Tuesday, August 21, 2012

Eid Reflections

As a child, my favorite part of the Eid holiday was the melodious chants heard from afar as my sisters and I--dressed in assorted colors of the same traditional Pakistani shalwar kameez outfit and matching glass bangles--approached the mosque for morning prayers.

Allahu Akbar! Allahu Akbar! Allahu Akbar!
God is the Greatest! God is the Greatest! God is the Greatest!

La Illaah Illallah!
There is no diety but God!

Allahu Akbar! Allahu Akbar!

Wa Lillahil Hamd!
All Praise is due to God!

Allahu Akbar Katheera!
God is even more Greatest....

This week that recitation has been echoing at mosques around the world as Muslims celebrate the three days of Eid marking the end of the holy month of Ramadan. 

By repeating Allahu Akbar in unison and aloud, Muslims are supposed to be reminding ourselves and others that it is God who is the Greatest (and not us, our cultures, our traditions, society or any other power or even Superpower) as we struggle to fulfill our responsibility to Him to purify ourselves and help establish social justice on earth. 

"If we have fasted Ramadan as a matter of commitment and as a matter of investment in God then this is the time when we assert that God is greater than all of the challenges and all of the dangers and all of the threats that come our way," says Imam Muhammad Asi of the Islamic Center in Washington.

But in most mosques, while God is still Great, pleasing Uncle Sam is apparently of greater importance. 

We know that because not only are our leaders silent about the social, economic, political, military injustices being carried out by Washington ("If you see some Muslims scared to say the truth, that means when they say Allahu Akbar they don't know what they are saying," according to Asi.), but they are also now buddying up with government agencies and playing follow-the-leader in unprecedented ways.

"Today, when we Muslims are inside a mosque, we pay heed to every temporal power rival to God--presidents, princes, the FBI, intelligence agencies, the media--giving them all they want in terms of modifying our behavior, agreeing to their talking points, managing our activities according to their 'rules of order,' and forbidding ourselves the freedom of speech and assembly that we are supposed to have as citizens of a free society," says Afeef Khan, also an imam at the Islamic Center of Washington.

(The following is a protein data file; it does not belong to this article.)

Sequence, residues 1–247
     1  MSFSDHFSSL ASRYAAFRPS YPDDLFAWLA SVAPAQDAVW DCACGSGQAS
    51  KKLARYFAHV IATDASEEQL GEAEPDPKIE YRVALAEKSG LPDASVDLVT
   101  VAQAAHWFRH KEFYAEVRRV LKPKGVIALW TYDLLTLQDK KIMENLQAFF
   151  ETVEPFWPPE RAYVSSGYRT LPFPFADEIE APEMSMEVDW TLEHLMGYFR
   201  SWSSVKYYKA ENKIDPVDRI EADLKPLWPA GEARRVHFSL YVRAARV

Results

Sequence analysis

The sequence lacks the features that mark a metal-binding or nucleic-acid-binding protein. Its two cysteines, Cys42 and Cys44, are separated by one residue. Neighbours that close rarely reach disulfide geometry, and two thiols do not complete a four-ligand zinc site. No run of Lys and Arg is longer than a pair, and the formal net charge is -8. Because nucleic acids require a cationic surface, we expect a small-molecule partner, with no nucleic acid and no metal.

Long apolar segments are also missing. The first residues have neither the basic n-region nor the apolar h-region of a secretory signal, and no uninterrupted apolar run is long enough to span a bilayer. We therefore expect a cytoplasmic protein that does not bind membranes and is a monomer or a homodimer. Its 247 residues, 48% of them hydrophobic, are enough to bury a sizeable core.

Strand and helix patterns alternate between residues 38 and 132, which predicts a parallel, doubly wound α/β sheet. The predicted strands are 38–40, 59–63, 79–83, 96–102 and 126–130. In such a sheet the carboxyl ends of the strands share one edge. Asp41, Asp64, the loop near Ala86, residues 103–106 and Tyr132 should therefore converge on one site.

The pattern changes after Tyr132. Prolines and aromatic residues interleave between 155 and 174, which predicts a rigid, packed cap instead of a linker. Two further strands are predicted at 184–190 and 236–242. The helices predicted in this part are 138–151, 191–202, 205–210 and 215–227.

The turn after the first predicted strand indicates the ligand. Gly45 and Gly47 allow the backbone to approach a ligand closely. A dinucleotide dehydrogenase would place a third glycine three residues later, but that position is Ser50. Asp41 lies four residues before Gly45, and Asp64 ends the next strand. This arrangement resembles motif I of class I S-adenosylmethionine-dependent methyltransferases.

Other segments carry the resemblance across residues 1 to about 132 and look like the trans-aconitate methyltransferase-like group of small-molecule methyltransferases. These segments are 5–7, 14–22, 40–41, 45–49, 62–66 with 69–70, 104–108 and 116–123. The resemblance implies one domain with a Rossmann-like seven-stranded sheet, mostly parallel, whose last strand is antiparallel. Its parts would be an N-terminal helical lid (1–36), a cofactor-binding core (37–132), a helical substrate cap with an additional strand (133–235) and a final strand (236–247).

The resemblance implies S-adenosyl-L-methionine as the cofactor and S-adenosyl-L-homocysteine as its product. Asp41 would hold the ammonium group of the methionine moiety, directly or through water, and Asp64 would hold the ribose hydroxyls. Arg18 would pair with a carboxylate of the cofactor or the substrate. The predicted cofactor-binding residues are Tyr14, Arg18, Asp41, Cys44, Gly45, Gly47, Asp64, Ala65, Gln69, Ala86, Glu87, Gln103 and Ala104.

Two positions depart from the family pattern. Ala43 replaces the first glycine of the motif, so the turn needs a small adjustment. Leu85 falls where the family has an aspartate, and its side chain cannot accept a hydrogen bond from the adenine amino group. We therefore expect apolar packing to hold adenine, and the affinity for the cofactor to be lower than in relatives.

Indeed, the kowtowing has gotten so extensive that a former New York police official was prompted to write an op-ed in the New York Times (2/20/2012) reminding the American Muslim community that "Uncle Sam Is Not An Imam."

Like now, unjust governments have always tried to step in and manage the power of the faithful, who they know have the potential to bring about peace and justice for all.

When Ali ibn Musa, great grandson of Fatima (one of the four perfect women of all times) was going to lead Eid prayers for the first time, wearing white clothes, no shoes and chanting Allahu Akbar, a huge crowd of barefooted worshippers joined him. This terrified the tyrranical ruler so much he decided to lead the prayers himself.

While millions around the world ended Ramadan by organizing demonstrations of solidarity with the oppressed last weekend, none of the mosques in our area participated. 

Instead, nine of them united for the first time and put together a "Community Eid Carnival," sponsored by (drum roll, please) the spanking new American Muslim Advisory Council, formed to serve as "a bridge between the Muslim community and federal, state and local enforcement as well as other government and private agencies."

As the great poet and thinker Allama Iqbal quipped:

Eid of the truly free is the splendor of a community
Eid of the slaves is just a crowd of Muslims

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